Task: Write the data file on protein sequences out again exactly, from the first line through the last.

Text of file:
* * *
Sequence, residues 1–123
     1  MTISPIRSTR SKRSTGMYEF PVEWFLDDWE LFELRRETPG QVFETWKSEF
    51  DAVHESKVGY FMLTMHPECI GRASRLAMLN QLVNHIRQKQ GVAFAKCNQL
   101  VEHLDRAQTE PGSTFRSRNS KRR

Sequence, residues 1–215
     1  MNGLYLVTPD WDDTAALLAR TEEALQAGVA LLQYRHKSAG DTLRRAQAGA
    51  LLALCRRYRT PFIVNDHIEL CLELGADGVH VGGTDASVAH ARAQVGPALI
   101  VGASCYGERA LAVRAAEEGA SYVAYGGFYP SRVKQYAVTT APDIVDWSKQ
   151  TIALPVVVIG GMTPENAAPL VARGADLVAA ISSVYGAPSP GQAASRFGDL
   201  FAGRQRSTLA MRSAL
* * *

Sequence, residues 1–123
     1  MTISPIRSTR SKRSTGMYEF PVEWFLDDWE LFELRRETPG QVFETWKSEF
    51  DAVHESKVGY FMLTMHPECI GRASRLAMLN QLVNHIRQKQ GVAFAKCNQL
   101  VEHLDRAQTE PGSTFRSRNS KRR

Sequence, residues 1–215
     1  MNGLYLVTPD WDDTAALLAR TEEALQAGVA LLQYRHKSAG DTLRRAQAGA
    51  LLALCRRYRT PFIVNDHIEL CLELGADGVH VGGTDASVAH ARAQVGPALI
   101  VGASCYGERA LAVRAAEEGA SYVAYGGFYP SRVKQYAVTT APDIVDWSKQ
   151  TIALPVVVIG GMTPENAAPL VARGADLVAA ISSVYGAPSP GQAASRFGDL
   201  FAGRQRSTLA MRSAL